www.respect.uk.net/data/files/indicators_for_referral_to_couples_work_final.pdf Respects view of couples counselling after attending and abusers programme

Acounselling view of what may be helpful and what may not www.counselling-directory.org.uk/abuse.html

bunchoffives Sat 31-Aug-13 22:36:40

Great minds Fool grin

foolonthehill Sat 31-Aug-13 22:43:25

Dear OP I hope these links are useful to you.

In my experience the Relate counsellor was useless and did not recognise the abusive dynamic even when my husband practically explained to her howhis need for respect and compliance worked (he practically quoted Lundy Bancorft....not that I had read that book then!)

The thing is, however you feel about it...unless HE takes responsibility for himself and for his own attitudes and actions it won't matter who he does or does not speak to, or what you say to him. To change he has to want to change.

My own husband has gone through relate with me, then anger management, stress management, an abusers programme and nearly 2 years of individual counselling....the end result is that he can use the language, talk about change, effort, responsibility, remorse, forgiveness etc....but it has made not one jot of difference to the way he behaves or treats me, our children or the other people around him. His abuse works for him...and he is the only one he can really focus on, the rest of us are just little satellites revolving around his great sun.

We left, 2 years ago, he has fought every step of the way and done stuff that I would never have imagined he was capable of...but despite that we are all so much better.

Only you can decide what is right for you...but as you think and explore I hope you keep posting....because you will see the truth and then you will be able to decide what to do.

foolonthehill Sat 31-Aug-13 22:44:25

grin indeed olives.

I like a nice resource!

yellowballoons Sat 31-Aug-13 22:47:04

Thank you for the links both of you.
So basically, couples counselling is not generally recommended.

But obviously individual counselling is.

But this op cannot persuade her husband to go.

Perhaps it would be a good idea for herself to go, and then see if he would attend at a later date?

She may not need many sessions. But he is likely to.
And once she has gone, he has less "excuses".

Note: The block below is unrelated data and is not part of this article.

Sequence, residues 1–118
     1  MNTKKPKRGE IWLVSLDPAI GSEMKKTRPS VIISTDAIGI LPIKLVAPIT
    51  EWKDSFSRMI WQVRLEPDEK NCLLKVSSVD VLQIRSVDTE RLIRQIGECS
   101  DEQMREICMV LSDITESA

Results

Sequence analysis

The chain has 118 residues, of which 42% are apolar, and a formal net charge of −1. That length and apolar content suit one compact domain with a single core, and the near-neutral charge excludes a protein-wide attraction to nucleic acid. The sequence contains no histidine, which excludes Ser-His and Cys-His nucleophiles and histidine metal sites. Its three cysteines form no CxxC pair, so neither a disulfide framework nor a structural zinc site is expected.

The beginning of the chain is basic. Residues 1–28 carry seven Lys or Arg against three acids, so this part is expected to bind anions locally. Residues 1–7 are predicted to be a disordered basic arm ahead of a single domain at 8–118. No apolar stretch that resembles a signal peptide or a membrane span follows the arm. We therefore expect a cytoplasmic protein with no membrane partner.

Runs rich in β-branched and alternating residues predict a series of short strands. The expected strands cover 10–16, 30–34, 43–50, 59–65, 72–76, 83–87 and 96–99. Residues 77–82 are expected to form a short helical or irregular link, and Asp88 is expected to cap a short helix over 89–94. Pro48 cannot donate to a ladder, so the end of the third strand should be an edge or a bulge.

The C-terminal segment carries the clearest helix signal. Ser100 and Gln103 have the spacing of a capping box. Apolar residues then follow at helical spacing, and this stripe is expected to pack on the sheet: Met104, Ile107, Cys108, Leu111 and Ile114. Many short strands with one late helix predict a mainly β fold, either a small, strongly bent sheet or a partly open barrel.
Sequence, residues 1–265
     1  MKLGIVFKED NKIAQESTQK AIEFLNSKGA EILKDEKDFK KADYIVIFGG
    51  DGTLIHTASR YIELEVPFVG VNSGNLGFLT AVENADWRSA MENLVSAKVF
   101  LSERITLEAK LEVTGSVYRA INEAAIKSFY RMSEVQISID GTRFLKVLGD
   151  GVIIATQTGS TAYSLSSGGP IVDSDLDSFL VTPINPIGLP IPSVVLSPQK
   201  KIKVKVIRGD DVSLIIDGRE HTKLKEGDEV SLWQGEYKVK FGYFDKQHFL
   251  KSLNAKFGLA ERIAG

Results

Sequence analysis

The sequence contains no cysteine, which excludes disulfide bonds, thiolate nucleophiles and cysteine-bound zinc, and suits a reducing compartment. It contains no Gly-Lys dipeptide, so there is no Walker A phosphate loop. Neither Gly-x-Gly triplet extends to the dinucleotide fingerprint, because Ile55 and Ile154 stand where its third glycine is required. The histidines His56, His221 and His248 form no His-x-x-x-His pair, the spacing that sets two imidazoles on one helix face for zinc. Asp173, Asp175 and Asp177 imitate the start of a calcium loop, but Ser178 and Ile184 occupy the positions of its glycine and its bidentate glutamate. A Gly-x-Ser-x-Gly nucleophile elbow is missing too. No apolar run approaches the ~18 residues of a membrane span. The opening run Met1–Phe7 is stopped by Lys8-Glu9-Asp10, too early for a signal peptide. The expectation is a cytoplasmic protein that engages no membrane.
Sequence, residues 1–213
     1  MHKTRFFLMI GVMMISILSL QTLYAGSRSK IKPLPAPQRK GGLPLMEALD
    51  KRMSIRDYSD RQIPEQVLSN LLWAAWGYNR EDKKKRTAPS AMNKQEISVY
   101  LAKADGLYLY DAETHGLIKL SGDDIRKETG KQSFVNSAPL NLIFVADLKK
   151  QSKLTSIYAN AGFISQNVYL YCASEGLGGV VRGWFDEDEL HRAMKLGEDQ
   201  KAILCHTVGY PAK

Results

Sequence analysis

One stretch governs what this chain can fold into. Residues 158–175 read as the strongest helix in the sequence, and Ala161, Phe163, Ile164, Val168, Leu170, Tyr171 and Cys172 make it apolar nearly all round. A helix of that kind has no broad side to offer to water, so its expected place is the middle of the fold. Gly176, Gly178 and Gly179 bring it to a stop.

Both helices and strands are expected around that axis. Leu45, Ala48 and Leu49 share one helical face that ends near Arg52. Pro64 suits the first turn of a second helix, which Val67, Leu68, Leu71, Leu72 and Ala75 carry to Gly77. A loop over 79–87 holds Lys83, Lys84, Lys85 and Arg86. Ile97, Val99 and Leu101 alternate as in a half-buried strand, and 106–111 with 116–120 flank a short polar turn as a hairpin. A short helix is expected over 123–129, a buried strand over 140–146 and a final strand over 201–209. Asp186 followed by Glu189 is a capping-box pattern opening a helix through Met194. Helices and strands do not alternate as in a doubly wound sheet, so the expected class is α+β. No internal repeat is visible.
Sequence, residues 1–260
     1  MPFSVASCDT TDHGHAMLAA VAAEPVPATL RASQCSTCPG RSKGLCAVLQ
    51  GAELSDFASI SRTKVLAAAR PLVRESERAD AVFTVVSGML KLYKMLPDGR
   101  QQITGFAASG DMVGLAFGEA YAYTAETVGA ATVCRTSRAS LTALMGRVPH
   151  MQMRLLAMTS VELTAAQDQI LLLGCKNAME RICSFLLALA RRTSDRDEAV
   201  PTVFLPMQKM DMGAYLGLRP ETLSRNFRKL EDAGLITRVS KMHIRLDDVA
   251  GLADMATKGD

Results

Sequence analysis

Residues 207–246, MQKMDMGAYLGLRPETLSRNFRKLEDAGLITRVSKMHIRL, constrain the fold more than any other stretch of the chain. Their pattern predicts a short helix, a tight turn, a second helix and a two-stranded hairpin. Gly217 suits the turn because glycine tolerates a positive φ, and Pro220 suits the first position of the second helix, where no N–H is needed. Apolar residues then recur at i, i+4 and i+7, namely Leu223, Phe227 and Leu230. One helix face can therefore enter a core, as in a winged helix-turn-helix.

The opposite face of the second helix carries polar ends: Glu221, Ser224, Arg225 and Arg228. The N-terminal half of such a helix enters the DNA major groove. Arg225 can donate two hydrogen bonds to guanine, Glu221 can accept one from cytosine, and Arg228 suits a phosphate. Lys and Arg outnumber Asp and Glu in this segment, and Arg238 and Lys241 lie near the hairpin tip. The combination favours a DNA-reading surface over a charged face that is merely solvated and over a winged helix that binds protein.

yellowballoons Sat 31-Aug-13 22:51:24

foolonthehill sad

I am surprised he did all that, if in his heart of hearts, he must have known that he had no intention of changing his behaviour?

foolonthehill Sat 31-Aug-13 22:54:45

How much is intentional...how much programming?
I think he did it because other people paid, other people expected it and he wanted others to see how serious he was about coming home.....

his last threatening missive letter actually told me that he had "jumped through all your hoops" and that now I was morally obliged to let him come back hmm. He does little work and has plenty of time and some very very nice rich friends

OxfordBags Sun 01-Sep-13 00:23:10

OP, why can't you believe he won't change? He's not changed yet, has he? He's getting more entrenched, isn't he - even less likely to change than ever before. As he gets older, he will be getting more and more set in his ways.

This is a lifelong psychological issue he has been carrying, from what you say about his childhood. His life revolves around self-protection, which is why he can never be wrong and everything and everyone else is to blame for the tiniest thing, even to the extent of lying. And when he accuses you of something that does not desceibe but which actually described him, his behaviour, his past, etc., it's all part of that dysfunction: he cannot even deal with taking responsibility secretly wthin himself, he has to transfer his issues onto you. There is a proper psychological term for this, but I can't remember it, sorry.